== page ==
Thomas E. Faust -- Chairman and Chief Executive Officer

Sure. So the biggest piece of Calvert -- sorry, Parametic's business, our broad market exposure vehicles. So, the custom core equity, give us a benchmark, and we will perform similar to that benchmark and would expect to outperform on an after tax basis, that's the primary value proposition. Also they have large business and what we call exposure management which is derivatives based securitization approaches. So, instead of having 4% residual cash in your portfolio, you can put that to work in the market using primarily futures. Neither of those, I would say is particularly sensitive to market levels in terms of flows, because we get paid generally in terms of assets under management when the market goes up or market goes down, we are more or less in revenues.

But there's no out of market sensitivity to that business in terms of flows. One thing I would highlight within Parametric's business that is perhaps sensitive to market levels is their options business. They have a decent size business in covered call writing program where selling covered costs can be -- we think a nice additive strategy in down markets in flat markets and modestly up markets. But in a strongly rising market often investors get what sometimes we refer to as call writing fatigue from the fact that when stocks are going up, the nature of writing covered calls is that you cap the upside and so you realize less in return then you would have had you not written those call. So small part of their business but it is an element of their business that has some bit of market sensitivity that we see.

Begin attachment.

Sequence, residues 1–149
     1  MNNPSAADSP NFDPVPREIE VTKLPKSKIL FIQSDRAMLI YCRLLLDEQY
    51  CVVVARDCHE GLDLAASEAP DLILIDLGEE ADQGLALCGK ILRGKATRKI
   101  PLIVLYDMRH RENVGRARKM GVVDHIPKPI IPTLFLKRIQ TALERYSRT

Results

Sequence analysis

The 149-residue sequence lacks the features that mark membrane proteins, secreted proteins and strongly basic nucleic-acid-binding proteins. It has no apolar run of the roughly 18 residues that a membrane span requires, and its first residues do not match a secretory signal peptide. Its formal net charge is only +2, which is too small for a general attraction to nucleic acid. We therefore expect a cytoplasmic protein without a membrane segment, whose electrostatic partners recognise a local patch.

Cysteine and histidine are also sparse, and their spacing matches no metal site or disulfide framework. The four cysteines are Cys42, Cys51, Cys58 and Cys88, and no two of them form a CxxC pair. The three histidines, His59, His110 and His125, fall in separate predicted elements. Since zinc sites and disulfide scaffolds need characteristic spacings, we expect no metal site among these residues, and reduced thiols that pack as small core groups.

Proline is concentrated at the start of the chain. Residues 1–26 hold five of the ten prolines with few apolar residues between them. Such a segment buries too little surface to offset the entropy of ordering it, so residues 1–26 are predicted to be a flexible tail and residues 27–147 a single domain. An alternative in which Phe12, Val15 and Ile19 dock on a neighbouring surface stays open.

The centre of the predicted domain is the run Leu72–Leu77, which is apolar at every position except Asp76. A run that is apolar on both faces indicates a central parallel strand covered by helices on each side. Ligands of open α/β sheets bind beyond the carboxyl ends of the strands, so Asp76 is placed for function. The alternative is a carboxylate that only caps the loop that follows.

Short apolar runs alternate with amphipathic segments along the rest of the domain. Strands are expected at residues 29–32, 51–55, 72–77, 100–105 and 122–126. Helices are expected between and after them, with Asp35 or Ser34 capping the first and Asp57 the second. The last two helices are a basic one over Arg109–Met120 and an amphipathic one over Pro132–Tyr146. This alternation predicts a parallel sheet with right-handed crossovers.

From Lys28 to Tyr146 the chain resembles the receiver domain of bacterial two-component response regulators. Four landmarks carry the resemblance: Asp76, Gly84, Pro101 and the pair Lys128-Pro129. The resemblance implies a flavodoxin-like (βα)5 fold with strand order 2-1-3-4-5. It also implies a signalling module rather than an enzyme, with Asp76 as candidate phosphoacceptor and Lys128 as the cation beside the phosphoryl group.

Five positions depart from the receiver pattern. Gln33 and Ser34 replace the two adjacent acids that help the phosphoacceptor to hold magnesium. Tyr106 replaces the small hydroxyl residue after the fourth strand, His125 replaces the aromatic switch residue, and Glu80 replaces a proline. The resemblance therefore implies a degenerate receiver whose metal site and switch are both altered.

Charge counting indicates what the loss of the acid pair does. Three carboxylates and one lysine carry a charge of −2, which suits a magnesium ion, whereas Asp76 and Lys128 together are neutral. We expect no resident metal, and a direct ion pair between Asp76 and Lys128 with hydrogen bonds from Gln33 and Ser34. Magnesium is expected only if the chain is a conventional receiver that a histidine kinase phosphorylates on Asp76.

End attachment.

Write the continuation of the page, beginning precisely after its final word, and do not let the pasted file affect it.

Ken Worthington -- JPMorgan -- Analyst

Great. Thank you very much.

Thomas E. Faust -- Chairman and Chief Executive Officer

Thank you.


Your next question comes from the line of Brian Bedell from Deutsche Bank. Your line is open.

Brian Bedell -- Deutsche Bank -- Analyst

Great, thanks, good morning folks. I maybe just go back on the non-transparent ETF through or best transparent ETF offerings. Tom, I guess your -- just your view on the industry for these products in general? Obviously, you have your application, there is a couple other ones. Do you feel it is better for the industry to have multiple different structures in place or would you think it would -- this could be really handled by the Clearhedge and the Precidian structure.

Thomas E. Faust -- Chairman and Chief Executive Officer

I think the way that's I would expect this to play out that there will be multiple different structures approved. At the end of the day, I don't think all of those structures necessarily will find a broad audience. I think the market will naturally identify the one or two or whatever that seem to work the best and we'll probably focus on those, I don't -- it's just a gas, but that would be my expectation. The, as I mentioned, we think Clearhedge offers the -- of the things that are in the public domain that is for which there have been SEC filings. We certainly have the greatest confidence in the ability of ETF using the Clearhedge method. To trade the best that is the tightest NAV and for that advantage to carry over to asset classes outside of US equities, which is where the Precidian and I believe all of the other ones are focused at least initially.